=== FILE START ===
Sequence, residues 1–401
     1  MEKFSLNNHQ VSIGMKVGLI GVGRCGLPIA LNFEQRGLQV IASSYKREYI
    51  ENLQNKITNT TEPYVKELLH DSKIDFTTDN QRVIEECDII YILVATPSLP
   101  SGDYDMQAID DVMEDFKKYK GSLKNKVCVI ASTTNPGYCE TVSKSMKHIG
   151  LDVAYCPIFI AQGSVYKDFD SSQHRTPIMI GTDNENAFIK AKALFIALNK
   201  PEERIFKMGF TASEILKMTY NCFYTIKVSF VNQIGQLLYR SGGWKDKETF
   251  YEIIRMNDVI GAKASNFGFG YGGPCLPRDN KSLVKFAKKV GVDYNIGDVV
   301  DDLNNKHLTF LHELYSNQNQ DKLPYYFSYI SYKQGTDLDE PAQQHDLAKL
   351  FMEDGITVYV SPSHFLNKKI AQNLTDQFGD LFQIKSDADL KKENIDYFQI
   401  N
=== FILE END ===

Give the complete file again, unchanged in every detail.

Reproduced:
Sequence, residues 1–401
     1  MEKFSLNNHQ VSIGMKVGLI GVGRCGLPIA LNFEQRGLQV IASSYKREYI
    51  ENLQNKITNT TEPYVKELLH DSKIDFTTDN QRVIEECDII YILVATPSLP
   101  SGDYDMQAID DVMEDFKKYK GSLKNKVCVI ASTTNPGYCE TVSKSMKHIG
   151  LDVAYCPIFI AQGSVYKDFD SSQHRTPIMI GTDNENAFIK AKALFIALNK
   201  PEERIFKMGF TASEILKMTY NCFYTIKVSF VNQIGQLLYR SGGWKDKETF
   251  YEIIRMNDVI GAKASNFGFG YGGPCLPRDN KSLVKFAKKV GVDYNIGDVV
   301  DDLNNKHLTF LHELYSNQNQ DKLPYYFSYI SYKQGTDLDE PAQQHDLAKL
   351  FMEDGITVYV SPSHFLNKKI AQNLTDQFGD LFQIKSDADL KKENIDYFQI
   401  N